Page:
**** (1) Inter-SP connectivity
          xxxx (2) Customer-to-SP connectivity
          oooo (3) SP to any destination connectivity

          Figure 1: An Example of Service Connectivity Components

   In reference to Figure 2, "Full traffic performance guarantees class"
   refers to a service class where all traffic performance metrics
   included in the service model (OWD, loss, delay variation) are
   guaranteed, while "Delay traffic performance guarantees class" refers
   to a service class where only OWD is guaranteed.

   Connectivity: Scope and Guarantees
      (1) Inter-SP connectivity
         - Pipe scope from the local to the remote SBE/DBE
         - Full traffic performance guarantees class
      (2) Customer-to-SP connectivity
         - Hose/Funnel scope connecting the local SBE/DBE
           to the customer access points
         - Full traffic performance guarantees class
      (3) SP to any destination connectivity
         - Hose/Funnel scope from the local SBE/DBE to the
           Internet gateway
         - Delay traffic performance guarantees class
   Flow Identification
      * Destination IP address (SBE, DBE)
      * DSCP marking
   Traffic Isolation
      * VPN
   Routing & Forwarding
      * Routing rule to exclude some ASes from the inter-domain
   Notifications (including feedback)
      * Statistics on aggregate traffic to adjust capacity
      * Failures
      * Planned maintenance operations
      * Triggered by thresholds

          Figure 2: Sample Attributes Captured in a Service Model

   Network models are mainly network-resource-facing modules; they
   describe various aspects of a network infrastructure, including
   devices and their subsystems, and relevant protocols operating at the
   link and network layers across multiple devices (e.g., network
   topology and traffic-engineering tunnel modules).

   Device (and function) models usually follow a bottom-up approach and
   are mostly technology-specific modules used to realize a service
   (e.g., BGP, ACL).

   Each level maintains a view of the supported YANG modules provided by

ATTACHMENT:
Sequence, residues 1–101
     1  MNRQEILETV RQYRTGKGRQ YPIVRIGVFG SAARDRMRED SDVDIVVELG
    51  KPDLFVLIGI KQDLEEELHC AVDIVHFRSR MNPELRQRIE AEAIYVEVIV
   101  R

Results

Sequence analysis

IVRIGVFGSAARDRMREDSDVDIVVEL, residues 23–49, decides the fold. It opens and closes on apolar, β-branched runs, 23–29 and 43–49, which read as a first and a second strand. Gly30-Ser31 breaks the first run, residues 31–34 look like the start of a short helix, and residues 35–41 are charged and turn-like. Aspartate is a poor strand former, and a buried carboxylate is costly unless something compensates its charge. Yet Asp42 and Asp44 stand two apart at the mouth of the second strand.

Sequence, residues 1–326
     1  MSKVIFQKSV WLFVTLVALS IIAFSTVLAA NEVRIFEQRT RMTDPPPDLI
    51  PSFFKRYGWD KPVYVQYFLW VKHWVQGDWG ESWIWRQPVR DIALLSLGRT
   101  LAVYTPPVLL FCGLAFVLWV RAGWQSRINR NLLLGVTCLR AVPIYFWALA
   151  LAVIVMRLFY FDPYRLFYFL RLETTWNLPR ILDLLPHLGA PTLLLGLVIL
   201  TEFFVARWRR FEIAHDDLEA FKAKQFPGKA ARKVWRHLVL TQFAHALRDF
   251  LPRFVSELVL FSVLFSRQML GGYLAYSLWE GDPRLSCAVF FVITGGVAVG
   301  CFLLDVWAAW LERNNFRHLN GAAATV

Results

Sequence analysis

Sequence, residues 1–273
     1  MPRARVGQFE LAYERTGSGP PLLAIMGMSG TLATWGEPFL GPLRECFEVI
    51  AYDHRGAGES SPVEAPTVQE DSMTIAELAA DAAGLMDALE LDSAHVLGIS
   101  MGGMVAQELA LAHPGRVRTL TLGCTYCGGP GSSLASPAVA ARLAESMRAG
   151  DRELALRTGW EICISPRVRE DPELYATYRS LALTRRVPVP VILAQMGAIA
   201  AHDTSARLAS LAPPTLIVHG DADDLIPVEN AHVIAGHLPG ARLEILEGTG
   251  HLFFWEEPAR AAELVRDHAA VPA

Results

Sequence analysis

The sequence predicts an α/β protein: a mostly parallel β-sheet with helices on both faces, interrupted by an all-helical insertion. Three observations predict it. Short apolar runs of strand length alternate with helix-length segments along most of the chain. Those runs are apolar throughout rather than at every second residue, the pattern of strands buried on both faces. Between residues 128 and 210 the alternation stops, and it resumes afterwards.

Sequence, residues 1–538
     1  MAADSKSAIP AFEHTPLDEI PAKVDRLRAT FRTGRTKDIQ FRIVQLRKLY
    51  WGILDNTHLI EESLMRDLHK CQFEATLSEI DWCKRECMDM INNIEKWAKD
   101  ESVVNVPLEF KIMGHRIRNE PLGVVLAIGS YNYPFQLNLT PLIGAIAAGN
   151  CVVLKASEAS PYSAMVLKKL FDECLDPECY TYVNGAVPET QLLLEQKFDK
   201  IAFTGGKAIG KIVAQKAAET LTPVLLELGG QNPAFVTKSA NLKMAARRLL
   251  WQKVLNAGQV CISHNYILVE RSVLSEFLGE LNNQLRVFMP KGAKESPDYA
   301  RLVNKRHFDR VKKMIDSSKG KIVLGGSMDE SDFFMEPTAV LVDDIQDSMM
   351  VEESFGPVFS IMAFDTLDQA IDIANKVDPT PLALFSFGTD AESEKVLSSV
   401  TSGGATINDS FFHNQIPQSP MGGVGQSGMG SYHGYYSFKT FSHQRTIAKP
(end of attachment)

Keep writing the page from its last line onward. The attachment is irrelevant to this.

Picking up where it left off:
lower levels (see for example, Appendix A).  Mechanisms such as the
   YANG library [RFC8525] can be used to expose which YANG modules are
   supported by nodes in lower levels.

   Figure 3 illustrates the overall layering model.  The reader may
   refer to Section 4 of [RFC8309] for an overview of "Orchestrator" and
   "Controller" elements.  All these elements (i.e., Orchestrator(s),
   Controller(s), device(s)) are under the responsibility of the same

    |                                         Hierarchy Abstraction   |
    |                                                                 |
    | +-----------------------+                    Service Model      |
    | |    Orchestrator       |                 (Customer Oriented)   |
    | |+---------------------+|               Scope: "1:1" Pipe model |
    | ||  Service Modeling   ||                                       |
    | |+---------------------+|                                       |
    | |                       |                   Bidirectional       |
    | |+---------------------+|              +-+  Capacity, OWD +-+   |
    | ||Service Orchestration||              | +----------------+ |   |
    | |+---------------------+|              +-+                +-+   |
    | +-----------------------+            Ingress             Egress |
    |                                                                 |
    |                                                                 |
    | +-----------------------+                Network Model          |
    | |   Controller          |             (Operator Oriented)       |
    | |+---------------------+|           +-+    +--+    +---+   +-+  |
    | || Network Modeling    ||           | |    |  |    |   |   | |  |
    | |+---------------------+|           | o----o--o----o---o---o |  |
    | |                       |           +-+    +--+    +---+   +-+  |
    | |+---------------------+|           src                    dst  |
    | ||Network Orchestration||                L3VPN over TE          |
    | |+---------------------+|        Instance Name/Access Interface |